Expecting the unexpected with pets is a good mindset to get into. You never know when they are going to fall ill or be involved in an accident. There are different ways of dealing with veterinary bills and understanding your different options is important. 

Pet insurance

Pet insurance includes paying a monthly fee throughout the time period you expect your pet insurance to pay out. We recommend doing this for the entirety of your pet’s life. There are many different companies that offer pet insurance. And you may be able to use comparison sites to find the best deal. Often, pairing up different items into one insurance deal can give you a cheaper quote. 

Your premium will probably increase as your pet gets older

This is true of most policies, unless you get a fixed rate for life whilst your puppy or kitten is still young. This increase is due to the likelihood of pets getting ill and requiring veterinary attention increases as they get older. In return for paying your monthly fee, your insurance company should pay out for veterinary treatment, as long as the condition and disease is covered within your policy and does not break any of the terms and conditions. 

Insurance can be better in complicated or ongoing cases

This is because insurance companies will only increase your premium at the end of a year, so these large financial outputs will only cause a small increase in your monthly payment. You were already expecting to be paying a fee so the change shouldn’t cause too much disturbance to your bank balance. 

Although, remember, many insurance policies will have a maximum limit on how many conditions can be claimed for within a year

Some insurance policies will only allow you to claim for a condition once. This is why it is particularly important that you read and completely understand the terms and conditions of your agreement. You will also have to pay the excess on each condition. So opting for an insurance policy with a small excess is a sensible idea.

Payment plans

Payment plans involve paying for treatment in monthly instalments. Not all practices offer payment plans, so be sure to check this is something your practice offers prior to opting to have any procedures performed with them. You could call up different practices to see which practices offer the best payment plans. Different plans based on your circumstances will be offered to you.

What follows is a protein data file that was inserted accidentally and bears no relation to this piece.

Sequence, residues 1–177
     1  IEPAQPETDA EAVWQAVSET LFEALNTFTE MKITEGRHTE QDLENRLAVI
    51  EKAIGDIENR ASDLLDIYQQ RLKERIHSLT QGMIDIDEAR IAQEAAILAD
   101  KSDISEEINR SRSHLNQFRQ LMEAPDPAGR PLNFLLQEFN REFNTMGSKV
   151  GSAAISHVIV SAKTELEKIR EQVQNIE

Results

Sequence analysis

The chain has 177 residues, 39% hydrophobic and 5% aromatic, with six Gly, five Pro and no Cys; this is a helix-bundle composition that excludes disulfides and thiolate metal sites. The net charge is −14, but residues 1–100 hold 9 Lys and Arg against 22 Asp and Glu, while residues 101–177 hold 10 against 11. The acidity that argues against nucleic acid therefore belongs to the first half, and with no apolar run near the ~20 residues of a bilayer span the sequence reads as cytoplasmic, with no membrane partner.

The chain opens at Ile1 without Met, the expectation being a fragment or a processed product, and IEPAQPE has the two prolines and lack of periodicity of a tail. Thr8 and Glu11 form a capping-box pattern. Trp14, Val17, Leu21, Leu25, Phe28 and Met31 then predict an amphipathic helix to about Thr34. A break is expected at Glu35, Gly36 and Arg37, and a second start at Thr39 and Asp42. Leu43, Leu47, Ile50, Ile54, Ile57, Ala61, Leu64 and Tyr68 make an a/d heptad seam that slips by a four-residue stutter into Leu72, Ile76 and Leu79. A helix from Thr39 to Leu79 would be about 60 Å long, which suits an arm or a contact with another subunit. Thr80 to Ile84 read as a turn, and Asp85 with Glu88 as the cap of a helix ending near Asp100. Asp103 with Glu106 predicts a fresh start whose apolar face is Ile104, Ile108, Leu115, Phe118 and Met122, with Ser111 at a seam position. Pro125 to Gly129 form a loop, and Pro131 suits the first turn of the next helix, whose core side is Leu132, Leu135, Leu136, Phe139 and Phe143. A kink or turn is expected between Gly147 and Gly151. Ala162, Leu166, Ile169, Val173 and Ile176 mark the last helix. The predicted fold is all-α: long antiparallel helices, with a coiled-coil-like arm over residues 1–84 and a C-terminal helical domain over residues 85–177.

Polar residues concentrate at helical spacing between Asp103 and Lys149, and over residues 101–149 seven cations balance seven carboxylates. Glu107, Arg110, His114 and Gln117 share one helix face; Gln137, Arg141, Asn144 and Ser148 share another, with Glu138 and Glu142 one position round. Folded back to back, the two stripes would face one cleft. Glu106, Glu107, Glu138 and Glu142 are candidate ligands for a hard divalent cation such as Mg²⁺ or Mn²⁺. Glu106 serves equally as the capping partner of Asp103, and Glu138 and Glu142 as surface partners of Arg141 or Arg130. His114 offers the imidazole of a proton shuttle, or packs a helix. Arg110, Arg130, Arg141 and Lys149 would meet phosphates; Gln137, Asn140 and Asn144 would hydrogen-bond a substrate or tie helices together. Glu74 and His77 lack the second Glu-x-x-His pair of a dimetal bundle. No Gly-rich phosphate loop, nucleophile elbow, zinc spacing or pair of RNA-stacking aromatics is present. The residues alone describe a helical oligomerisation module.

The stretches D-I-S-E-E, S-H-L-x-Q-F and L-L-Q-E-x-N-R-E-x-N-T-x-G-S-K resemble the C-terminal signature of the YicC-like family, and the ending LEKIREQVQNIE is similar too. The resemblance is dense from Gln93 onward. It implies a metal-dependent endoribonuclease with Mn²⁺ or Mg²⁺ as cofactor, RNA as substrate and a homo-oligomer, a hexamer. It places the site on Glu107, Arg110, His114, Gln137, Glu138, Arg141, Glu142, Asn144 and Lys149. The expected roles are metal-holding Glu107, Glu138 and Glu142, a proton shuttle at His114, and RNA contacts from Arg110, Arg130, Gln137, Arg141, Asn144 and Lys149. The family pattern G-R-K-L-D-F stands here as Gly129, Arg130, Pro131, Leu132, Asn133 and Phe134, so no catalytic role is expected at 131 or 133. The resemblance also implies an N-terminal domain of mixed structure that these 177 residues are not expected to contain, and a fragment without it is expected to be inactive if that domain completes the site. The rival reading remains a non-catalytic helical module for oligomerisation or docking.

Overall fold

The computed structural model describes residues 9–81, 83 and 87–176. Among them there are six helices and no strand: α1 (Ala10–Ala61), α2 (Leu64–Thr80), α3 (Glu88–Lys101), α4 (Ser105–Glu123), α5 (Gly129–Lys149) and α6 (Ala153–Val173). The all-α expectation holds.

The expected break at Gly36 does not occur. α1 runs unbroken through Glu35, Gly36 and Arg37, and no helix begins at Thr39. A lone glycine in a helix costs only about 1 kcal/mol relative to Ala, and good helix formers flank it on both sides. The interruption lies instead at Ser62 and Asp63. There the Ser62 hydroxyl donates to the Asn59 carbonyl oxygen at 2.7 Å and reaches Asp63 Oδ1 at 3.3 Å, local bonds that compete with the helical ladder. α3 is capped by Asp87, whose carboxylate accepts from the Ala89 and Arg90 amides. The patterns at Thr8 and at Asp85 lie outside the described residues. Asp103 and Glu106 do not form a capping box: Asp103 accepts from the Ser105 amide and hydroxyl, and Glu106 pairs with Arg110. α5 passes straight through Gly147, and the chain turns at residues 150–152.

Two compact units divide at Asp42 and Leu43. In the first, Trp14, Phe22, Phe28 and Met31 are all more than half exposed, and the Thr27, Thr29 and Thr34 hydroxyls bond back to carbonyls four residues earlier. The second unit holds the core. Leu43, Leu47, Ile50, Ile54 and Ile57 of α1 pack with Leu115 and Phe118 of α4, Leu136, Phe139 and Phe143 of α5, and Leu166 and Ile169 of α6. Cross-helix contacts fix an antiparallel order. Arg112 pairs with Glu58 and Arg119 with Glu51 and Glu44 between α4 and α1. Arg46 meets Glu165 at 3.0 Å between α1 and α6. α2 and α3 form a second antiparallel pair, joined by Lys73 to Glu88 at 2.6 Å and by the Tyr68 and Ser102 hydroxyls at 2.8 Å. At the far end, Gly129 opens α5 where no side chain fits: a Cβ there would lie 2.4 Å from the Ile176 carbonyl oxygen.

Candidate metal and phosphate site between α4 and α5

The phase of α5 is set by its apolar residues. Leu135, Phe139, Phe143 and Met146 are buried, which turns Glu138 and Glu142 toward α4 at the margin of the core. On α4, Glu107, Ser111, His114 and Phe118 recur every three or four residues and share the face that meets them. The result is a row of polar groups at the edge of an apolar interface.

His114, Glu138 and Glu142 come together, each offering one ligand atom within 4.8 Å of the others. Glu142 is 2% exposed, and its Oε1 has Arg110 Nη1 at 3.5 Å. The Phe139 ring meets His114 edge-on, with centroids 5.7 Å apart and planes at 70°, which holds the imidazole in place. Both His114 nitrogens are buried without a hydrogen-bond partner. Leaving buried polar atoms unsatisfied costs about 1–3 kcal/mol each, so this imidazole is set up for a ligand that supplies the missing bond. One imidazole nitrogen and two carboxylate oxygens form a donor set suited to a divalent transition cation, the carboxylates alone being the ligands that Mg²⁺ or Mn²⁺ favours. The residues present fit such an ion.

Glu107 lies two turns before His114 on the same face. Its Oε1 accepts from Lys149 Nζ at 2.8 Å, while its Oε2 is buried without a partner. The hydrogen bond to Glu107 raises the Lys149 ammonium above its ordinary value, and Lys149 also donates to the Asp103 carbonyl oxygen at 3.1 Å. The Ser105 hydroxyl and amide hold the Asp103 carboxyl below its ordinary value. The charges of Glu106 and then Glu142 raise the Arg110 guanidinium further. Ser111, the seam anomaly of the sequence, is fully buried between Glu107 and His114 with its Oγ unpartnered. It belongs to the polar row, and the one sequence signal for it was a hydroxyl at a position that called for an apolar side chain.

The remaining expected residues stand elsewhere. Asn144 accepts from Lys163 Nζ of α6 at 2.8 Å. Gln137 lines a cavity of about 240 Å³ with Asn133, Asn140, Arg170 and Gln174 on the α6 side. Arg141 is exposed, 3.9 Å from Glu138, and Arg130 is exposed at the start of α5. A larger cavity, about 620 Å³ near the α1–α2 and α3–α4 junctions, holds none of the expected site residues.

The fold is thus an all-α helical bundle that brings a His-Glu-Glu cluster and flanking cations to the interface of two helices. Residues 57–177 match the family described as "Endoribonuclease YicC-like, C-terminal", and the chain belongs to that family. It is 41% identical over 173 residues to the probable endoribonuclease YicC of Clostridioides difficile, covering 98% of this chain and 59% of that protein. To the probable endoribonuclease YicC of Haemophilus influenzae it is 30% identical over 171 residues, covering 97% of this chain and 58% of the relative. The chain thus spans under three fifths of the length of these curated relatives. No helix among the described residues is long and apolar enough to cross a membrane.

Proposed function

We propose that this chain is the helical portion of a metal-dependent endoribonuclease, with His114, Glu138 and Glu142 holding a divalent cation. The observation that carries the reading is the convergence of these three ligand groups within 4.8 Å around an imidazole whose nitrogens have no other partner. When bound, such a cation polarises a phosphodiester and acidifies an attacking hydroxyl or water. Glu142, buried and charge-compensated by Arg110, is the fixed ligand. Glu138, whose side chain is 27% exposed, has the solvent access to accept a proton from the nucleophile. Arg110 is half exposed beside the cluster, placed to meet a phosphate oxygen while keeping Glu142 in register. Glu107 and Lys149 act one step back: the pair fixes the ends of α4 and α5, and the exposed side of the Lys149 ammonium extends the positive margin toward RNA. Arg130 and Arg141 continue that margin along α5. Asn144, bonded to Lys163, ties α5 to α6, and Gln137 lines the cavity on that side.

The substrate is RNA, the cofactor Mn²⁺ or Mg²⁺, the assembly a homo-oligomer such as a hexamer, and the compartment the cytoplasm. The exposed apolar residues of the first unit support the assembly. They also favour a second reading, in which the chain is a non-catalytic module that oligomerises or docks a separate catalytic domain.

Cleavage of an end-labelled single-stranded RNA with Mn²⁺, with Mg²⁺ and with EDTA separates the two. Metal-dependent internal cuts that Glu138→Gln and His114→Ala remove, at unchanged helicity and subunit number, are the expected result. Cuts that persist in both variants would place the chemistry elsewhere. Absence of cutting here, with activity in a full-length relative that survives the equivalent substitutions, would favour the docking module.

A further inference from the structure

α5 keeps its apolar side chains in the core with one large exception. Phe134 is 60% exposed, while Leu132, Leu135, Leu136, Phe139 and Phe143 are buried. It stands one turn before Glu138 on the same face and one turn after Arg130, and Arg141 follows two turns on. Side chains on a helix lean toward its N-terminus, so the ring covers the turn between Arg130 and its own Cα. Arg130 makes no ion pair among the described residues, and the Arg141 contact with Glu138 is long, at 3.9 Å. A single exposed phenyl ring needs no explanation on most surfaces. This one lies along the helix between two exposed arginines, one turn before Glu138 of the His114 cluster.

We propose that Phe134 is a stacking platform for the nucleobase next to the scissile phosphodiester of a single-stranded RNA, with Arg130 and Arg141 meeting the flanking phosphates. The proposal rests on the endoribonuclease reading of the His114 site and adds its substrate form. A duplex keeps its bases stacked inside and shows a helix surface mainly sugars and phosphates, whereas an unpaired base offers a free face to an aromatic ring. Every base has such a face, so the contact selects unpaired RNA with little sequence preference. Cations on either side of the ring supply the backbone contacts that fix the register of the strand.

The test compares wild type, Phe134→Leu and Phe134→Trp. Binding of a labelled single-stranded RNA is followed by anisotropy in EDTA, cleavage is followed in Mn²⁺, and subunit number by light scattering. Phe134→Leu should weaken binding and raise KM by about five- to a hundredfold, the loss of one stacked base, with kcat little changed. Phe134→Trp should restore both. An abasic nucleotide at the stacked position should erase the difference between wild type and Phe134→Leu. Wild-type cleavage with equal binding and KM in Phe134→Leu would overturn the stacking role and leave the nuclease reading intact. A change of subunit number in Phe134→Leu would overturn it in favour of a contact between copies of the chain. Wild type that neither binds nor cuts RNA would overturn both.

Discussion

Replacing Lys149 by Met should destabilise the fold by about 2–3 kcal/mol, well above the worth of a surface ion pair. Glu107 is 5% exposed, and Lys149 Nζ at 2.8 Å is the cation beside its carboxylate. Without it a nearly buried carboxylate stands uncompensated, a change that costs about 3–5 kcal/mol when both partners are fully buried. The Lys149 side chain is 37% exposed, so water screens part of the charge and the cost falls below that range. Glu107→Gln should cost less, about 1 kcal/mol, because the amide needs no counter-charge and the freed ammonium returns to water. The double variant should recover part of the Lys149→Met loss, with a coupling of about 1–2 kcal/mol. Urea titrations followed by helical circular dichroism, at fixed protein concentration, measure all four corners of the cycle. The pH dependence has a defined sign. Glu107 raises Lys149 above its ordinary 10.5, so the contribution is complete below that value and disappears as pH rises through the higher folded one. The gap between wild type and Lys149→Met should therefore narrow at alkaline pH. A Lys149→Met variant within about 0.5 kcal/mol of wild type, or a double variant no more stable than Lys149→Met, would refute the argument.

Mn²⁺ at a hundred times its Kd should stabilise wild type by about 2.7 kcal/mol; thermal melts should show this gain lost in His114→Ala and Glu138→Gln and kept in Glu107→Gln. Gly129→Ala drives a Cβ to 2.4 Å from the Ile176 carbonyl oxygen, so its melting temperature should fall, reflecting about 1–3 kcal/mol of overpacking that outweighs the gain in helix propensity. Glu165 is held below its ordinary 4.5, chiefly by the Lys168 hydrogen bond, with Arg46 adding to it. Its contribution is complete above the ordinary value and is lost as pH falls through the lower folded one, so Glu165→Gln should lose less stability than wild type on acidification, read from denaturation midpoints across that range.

First things first: Communicate!

Make sure you have discussed payment plans with your veterinary practice and know which plan you are going to opt for PRIOR to moving forward with any treatments. In addition to this, make sure you can afford the payment plan. Payment plans often come with interest. So you will be paying back more than you borrow in return for having extra time to pay. The longer you take to pay off this debt, the more money in total you will end up paying. 

Be sure you have read the terms and conditions carefully as you may be fined if you do not submit a payment on time. Check if the interest rates vary as the time increases.

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On the plus side, there is no monthly fee

So, payment plans will only be in place once your pet has received veterinary care. This means if your pet only needs veterinary attention once in their life, it may be cheaper. The problem is that you never know how often they are going to get ill or need veterinary care. If they need more veterinary attention, hospitalisation or referral, will you be able to afford multiple payment plans on top of your other regular outgoings you have, such as mortgage or rent, bills, subscriptions etc? Payment plans often come as more of a shock to your financial position than insurance, because insurance is a regular planned payment, built into your budgeting for the month. 

Factors that commonly increase the likelihood of pets becoming ill

If your pet develops a chronic illness or has multiple risk factors, then insurance is likely to be the better option. The unfortunate issue is that most insurance companies will not pay out for conditions your pet already had prior to starting the insurance policy. This means you need to choose whether you will use insurance, payment plans or pay for the veterinary care outright before your pet has become ill. Below are some factors that will increase the likelihood of your pet becoming ill.

  • Age – the older your pet is, the more likely they are to develop chronic diseases.
  • Breed – purebred pets have been shown to develop more diseases than crossbred animals.
  • Long term illnesses – if your pet has already been diagnosed with a lifelong illness, they are more likely to get secondary disease as the long-term illness deteriorates or as side effects from medication. 
  • Obesity – obese animals are much more likely to suffer from disease than animals with an optimum body condition score. 

To conclude

Both insurance and payment plans are suitable methods for paying off large veterinary bills. Each option will work if you have done the correct background research prior and know what to expect. Because pets are all individuals and their health is somewhat unpredictable, it is impossible to say which option will be cheapest in the long run – there are too many uncontrollable factors that will dictate this such as interest fees, additional illnesses and the time it takes to cure them. Do your research and give yourself time to make this decision prior to your pet getting ill.

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